Curated by Arin Fay
My art seeks to delve into the dynamics of globalization, local culture and individual shifts in identity, and rethink the space of global culture flows. (Gu Xiong, Rethinking Cultural Transformation, 2016)
The history of Nelson, like the history of ‘everyplace’ holds the story of forgotten and yet instrumental people, people like Charlie Bing and Jung Ling. Such figures are often obscured by history and their contributions and representative roles within the culture of the day forgotten. By isolating and illuminating such people The Unknown Remains not only makes ‘our’ history relevant but it forces us to recognize ‘our’ complicit place in the great ennui of history and homogenization. If the current climate of reconciliation and the importance of acknowledging the concept of time immemorial in regards to Indigenous culture has taught us anything, it is that we must not build atop the broken and abused foundation of colonialism and cultural compartmentalization but stop and really recognize the individuals that this ‘progress’ effects. Art allows us this view, and Gu Xiong’s microcosmic presentation of past and present is alive with people who need to be seen, in teeny tiny photos ten feet from the ground, to massive portraits: migrant workers, house servants, the grandchildren of farmers, poets ….. mothers and daughters, and artists (without and within).
Gu Xiong pulls together threads of commonality and discord with the exhibition The Unknown Remains from Chongqing, Sichuan, China, to Daba Mountain area in northeastern Sichuan, to the Niagara region in Ontario, to Jamaica, to the Bing farm in the Kootenay Valley and many places in between. This artist has embarked upon a dedicated academic and artistic study of diaspora and disenfranchisement that is beautifully and often brutally intertwined but ultimately full of hope.
The landscape of the gallery space at Touchstones Nelson Museum of Art and History is but one iteration of the ongoing work that Gu Xiong has undertaken to place ones’ self as an archetype within a structure that does not readily acknowledge the sum of its parts. The cogs in the machine, the makers of things taken for granted, the marginalized and the forgotten agents of industry, and obscured places and displaced people, are all given place and space, and hence importance, in the grand scheme of this art/history installation, alongside and in correlation to the personal story and spectre of Gu Xiong and his family. Synergy and symbolism tie this installation together; exposing the strength and also isolation of individuals and communities who are often unseen.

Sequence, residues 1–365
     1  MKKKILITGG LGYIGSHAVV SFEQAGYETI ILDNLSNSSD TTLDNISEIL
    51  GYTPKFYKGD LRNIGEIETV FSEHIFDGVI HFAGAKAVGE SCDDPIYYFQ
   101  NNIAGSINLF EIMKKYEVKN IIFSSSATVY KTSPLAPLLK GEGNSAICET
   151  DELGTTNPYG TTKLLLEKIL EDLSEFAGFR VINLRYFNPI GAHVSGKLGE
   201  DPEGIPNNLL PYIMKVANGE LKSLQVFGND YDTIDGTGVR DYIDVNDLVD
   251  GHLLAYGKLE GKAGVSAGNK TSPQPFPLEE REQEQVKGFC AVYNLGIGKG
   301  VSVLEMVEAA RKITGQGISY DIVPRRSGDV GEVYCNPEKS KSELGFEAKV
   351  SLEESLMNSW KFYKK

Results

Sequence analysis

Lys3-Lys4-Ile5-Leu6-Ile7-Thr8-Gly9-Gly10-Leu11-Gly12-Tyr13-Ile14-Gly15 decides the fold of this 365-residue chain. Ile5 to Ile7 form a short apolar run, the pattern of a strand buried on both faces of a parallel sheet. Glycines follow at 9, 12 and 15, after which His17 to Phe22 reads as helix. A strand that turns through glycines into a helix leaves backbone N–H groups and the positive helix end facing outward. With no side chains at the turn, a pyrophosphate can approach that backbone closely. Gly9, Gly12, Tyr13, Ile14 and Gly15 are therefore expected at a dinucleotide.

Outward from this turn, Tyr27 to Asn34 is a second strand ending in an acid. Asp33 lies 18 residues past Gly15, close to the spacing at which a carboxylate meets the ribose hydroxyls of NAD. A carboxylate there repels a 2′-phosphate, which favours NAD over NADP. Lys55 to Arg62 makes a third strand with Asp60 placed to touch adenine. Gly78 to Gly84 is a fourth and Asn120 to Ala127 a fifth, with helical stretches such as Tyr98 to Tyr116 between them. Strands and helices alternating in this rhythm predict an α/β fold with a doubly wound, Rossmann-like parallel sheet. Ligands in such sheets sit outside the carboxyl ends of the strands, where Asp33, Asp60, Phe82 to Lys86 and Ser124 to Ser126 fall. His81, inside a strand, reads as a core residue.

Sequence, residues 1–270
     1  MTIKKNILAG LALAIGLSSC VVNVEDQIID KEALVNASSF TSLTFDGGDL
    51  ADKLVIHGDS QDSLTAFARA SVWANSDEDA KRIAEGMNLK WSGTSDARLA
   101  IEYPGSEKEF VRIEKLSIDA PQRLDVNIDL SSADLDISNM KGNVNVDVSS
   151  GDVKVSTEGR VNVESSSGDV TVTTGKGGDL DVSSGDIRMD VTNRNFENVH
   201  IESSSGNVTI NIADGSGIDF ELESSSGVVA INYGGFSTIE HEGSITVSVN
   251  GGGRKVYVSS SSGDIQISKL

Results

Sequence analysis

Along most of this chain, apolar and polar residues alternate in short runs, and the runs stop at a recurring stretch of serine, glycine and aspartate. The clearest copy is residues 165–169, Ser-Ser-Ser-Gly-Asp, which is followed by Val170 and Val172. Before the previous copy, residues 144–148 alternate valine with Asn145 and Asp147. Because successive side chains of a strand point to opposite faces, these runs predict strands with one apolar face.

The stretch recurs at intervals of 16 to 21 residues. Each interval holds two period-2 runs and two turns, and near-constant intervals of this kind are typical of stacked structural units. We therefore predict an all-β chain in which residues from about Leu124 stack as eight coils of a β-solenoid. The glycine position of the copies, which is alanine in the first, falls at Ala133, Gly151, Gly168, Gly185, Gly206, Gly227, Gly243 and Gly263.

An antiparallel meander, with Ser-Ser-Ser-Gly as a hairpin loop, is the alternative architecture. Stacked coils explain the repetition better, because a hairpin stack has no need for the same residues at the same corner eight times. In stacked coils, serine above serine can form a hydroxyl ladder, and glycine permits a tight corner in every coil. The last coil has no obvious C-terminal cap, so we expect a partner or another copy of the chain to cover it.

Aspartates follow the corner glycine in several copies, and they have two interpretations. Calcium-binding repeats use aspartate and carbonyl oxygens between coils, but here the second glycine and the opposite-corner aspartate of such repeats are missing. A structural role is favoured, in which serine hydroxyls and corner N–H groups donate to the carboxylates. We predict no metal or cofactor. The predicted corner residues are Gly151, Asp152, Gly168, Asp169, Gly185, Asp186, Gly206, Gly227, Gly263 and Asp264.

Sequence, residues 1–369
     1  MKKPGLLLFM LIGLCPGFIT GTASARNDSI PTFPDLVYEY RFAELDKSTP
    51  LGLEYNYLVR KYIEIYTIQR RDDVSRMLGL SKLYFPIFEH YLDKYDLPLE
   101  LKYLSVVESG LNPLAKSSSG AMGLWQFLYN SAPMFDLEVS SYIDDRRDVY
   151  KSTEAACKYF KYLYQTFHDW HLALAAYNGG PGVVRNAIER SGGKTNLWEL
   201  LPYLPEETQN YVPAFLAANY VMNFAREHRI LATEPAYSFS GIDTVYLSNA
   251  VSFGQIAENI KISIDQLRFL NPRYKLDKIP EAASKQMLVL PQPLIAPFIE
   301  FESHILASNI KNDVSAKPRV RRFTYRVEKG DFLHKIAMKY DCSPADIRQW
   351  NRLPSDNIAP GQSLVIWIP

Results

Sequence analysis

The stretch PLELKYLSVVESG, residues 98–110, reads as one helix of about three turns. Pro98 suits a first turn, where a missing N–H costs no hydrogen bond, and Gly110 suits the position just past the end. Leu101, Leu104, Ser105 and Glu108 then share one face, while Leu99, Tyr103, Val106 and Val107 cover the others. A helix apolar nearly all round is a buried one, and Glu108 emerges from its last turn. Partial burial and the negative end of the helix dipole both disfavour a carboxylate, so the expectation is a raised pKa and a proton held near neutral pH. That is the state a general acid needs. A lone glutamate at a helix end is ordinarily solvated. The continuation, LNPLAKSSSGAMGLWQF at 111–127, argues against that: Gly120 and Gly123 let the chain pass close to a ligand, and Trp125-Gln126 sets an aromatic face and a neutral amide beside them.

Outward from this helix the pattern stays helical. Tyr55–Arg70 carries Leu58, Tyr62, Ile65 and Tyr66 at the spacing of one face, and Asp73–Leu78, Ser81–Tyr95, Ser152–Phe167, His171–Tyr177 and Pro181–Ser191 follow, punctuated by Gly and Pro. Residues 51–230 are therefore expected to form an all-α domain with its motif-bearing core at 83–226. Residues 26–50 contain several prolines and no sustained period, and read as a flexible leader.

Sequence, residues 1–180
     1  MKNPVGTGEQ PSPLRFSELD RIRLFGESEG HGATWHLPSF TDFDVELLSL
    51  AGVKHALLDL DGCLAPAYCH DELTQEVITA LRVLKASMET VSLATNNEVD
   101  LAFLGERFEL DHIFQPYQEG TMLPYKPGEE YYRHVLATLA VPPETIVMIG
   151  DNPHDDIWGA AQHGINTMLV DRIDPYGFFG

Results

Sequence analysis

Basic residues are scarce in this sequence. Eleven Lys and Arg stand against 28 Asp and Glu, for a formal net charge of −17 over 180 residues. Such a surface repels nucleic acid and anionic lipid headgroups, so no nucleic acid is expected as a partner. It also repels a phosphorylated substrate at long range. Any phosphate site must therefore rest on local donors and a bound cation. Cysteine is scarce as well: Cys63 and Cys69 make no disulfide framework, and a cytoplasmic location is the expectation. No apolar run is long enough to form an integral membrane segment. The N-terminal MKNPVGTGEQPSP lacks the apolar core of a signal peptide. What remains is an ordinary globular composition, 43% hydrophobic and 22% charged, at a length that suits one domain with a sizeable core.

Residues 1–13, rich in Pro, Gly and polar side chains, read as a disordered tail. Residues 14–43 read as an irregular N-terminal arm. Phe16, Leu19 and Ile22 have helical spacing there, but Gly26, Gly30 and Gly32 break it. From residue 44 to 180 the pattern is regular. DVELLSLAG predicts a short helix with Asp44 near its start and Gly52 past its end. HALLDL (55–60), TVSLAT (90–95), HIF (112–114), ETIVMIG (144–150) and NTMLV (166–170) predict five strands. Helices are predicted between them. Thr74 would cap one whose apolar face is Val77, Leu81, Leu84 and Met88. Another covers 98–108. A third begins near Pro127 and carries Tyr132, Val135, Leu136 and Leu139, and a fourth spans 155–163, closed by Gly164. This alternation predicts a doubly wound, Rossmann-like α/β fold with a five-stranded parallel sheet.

The large grid, which is comprised of migrant works and global immigrants, speaks to this aspect, of the individual obscured by scale, and the fruits of that labour lost behind the dehumanizing assembly line of commerce and the undercurrents of colonialism that reach every shore. Gu Xiong has done this with scope and sensitivity, and with a spectacular visual language which both dwarfs and individualizes the human condition and runs the gamut from the personal to global realities. The cargo ship, which is created by so much manufactured matter, symbolizes the sheer scale of such invisible contribution, intention and action, in its compartmentalized parts. How a thing (any-thing) is created by the force of untold labour and is moved by powers not of its own making. The ship works in concert with the many faces and frames on the walls; views of cause and effect, commodity and culture, movement and marginalization, which ply the waters of the world without thought to the human toil, cost or individual trajectory that allow it to be so.
By having an artist of the stature of Gu Xiong place ‘our’ history within the compendium of a global perspective, and humanize the cause and effect of erasure, we are enlightened and emboldened to better understand ‘our’ place within larger flawed systems. And given the gravity of current political discourse, this can only be seen as positive. The white cube of the gallery space, which is often derided as a place of austere privilege, may also, as in this case, be capable of encapsulating complicated ideas with aesthetic aplomb. Gu Xiong’s personal, political, and place-specific treatment of ideas, history, and influence, is a wonder to behold, like a small boat in the midst of a seemingly endless sea.
We are like seeds” Xiong states in his poem Home (1999), and like seeds the movement and cross-pollination of people move unhindered by lines drawn by politics and the writing of history, and it is the seeds that find purchase in the forgotten places and thrive and grow.
Gu Xiong is a multimedia artist from China who now lives in Canada. As a professor at the University of British Columbia, Gu has exhibited nationally and internationally, including more than forty solo exhibitions and over one hundred prominent group exhibitions. His work is represented in the collections of the National Gallery of Canada, the China National Museum of Fine Arts and the Vancouver Art Gallery, among many other museums and private collections. Gu Xiong has published two books and ten solo exhibitions catalogues. His artwork has received significant critical recognition including reviews in the New York Times and international art magazines Flash Art and Art in America.
Gu Xiong’s practice centers on the creation of a hybrid identity arising from the integration of different cultural origins and migrations. His work encompasses sociology, literature, geography, economics, and politics, as well as the dynamics of globalization, through which he constitutes an amalgamation of multiple cultural histories and seeks to create an entirely new identity.